The peculiarly shaped eggplant may have been associated with madness in Renaissance England, but fortunately for us, modern science has revealed that this rather strange looking vegetable is highly nutritious. Eggplants contain plenty of fibre and are packed with phytonutrients, including some rare antioxidants. Let’s take a closer look at all the benefits eggplant has to offer:
Nasunin is concentrated in the skin of purple eggplants, where it protects the vegetable from the sun’s rays and from environmental damage (Azuma et al., 2008). So far, Nasunin has only been found in eggplant, purple radish, red turnip and red cabbage.
Research suggests that nasunin can help improve antioxidant activity in human cells, giving it a role to play in guarding against oxidative damage and associated health conditions. In one study, nasunin was found to protect colon cells from DNA damage in a dose-dependent manner (Jing et al., 2015). In another study, nasunin and petunidin 3RGc5G, another anthocyanin in eggplants, demonstrated excellent free radical scavenging abilities (Azuma et al., 2008).
Nasunin has also shown antiangiogenic activity, meaning that it may help to prevent the growth of blood vessels required to feed tumour growth (Matsubara et al., 2005). Antioxidants like nasunin have also been seen to help protect heart muscle cells (Das et al., 2011), while glycoalkoloids, namely a-solamargine and a-solasonine (found in eggplant and other Solanaceous vegetables), have been found to inhibit the growth of cancer cells in the laboratory and in animals (Friedman, 2015).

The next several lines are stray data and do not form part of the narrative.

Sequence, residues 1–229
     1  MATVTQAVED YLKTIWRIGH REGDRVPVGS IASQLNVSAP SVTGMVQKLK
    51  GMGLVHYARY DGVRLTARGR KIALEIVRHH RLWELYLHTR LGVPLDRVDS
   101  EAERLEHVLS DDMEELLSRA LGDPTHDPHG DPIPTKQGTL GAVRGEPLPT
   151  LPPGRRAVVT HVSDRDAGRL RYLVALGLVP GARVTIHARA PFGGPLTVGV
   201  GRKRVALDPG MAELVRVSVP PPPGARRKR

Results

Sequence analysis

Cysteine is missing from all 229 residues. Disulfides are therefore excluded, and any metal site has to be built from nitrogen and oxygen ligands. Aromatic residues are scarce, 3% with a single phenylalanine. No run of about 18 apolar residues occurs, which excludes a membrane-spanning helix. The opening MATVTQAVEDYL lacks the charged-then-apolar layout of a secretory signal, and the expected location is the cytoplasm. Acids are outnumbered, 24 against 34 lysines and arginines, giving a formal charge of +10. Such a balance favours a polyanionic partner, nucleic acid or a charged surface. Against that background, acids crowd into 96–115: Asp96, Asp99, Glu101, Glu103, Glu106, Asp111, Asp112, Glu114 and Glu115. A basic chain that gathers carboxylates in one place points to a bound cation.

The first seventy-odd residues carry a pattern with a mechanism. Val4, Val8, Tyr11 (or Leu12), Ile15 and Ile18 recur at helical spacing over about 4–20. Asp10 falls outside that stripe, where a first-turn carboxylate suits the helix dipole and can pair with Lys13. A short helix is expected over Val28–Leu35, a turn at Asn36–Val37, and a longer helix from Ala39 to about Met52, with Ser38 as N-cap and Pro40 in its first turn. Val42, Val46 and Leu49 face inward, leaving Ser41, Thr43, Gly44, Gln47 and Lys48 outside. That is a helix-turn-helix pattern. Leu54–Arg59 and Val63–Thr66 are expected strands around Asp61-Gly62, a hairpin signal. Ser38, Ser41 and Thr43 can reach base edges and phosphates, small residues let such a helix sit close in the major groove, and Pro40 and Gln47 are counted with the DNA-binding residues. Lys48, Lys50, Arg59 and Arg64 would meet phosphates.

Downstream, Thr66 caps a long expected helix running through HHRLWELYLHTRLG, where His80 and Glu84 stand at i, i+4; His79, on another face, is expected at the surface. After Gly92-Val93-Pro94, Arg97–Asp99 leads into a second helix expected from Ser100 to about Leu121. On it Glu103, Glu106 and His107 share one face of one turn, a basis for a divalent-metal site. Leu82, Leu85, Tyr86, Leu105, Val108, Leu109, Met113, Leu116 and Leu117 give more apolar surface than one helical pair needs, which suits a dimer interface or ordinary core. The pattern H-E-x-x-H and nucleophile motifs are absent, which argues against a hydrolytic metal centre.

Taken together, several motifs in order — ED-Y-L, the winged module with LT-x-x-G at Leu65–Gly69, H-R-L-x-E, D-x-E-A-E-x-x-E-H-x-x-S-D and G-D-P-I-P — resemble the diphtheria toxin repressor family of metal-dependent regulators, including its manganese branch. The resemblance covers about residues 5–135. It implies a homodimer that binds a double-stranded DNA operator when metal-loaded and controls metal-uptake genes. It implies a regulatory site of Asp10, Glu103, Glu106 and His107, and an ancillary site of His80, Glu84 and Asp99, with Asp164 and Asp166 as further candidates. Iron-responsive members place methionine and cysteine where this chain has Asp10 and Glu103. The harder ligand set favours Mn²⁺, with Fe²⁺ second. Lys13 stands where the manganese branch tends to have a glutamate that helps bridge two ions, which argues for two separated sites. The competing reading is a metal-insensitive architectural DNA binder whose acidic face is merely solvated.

In addition to their anthocyanin content, eggplants contain chlorogenic acid, another antioxidant compound that may help to maintain healthy cholesterol levels already within the normal range (Hao et al., 2016). Chlorogenic acid comprises between 70% and 90% of the total polyphenol content of eggplants (Gramazio et al., 2014), and some research suggests that this nutrient supports healthy cellular DNA replication and immune health in humans (NCBI, 2016).
Nutrients and Fibre
Eggplants also contain vitamin C, folate and other B vitamins, beta-carotene, calcium, magnesium, potassium and phosphorus. These nutrients support immune function, bone health, muscle function, heart health and overall health.
Like most vegetables, eggplants are also high in fibre, meaning they can help you to feel full while maintaining a healthy body weight. Dietary fibre also helps to keep the digestive tract healthy for proper elimination of toxins.
Cooking with Eggplant
There’s no doubt that eggplants can be a little intimidating, given the range of shapes, sizes and colours available. It’s easy to get the hang of cooking with eggplants, though, and they are often found in Italian and Lebanese cuisine, where they work well with rich tomato sauces, basil, oregano and tahini.
Two of the simplest ways to cook eggplant are to slice it and fry it or, to cut it in half and bake it with olive oil, salt and pepper. Eggplant is also a great addition to salads as the flesh of the vegetable soaks up dressings and oils to become rich and succulent.
Some people swear by halving or slicing eggplants, salting the flesh to draw out some of the bitterness and excess liquid and then rinsing after half an hour to an hour before cooking as desired. For younger, firmer and smaller eggplants this may not be necessary as these are less likely to contain large, bitter seeds.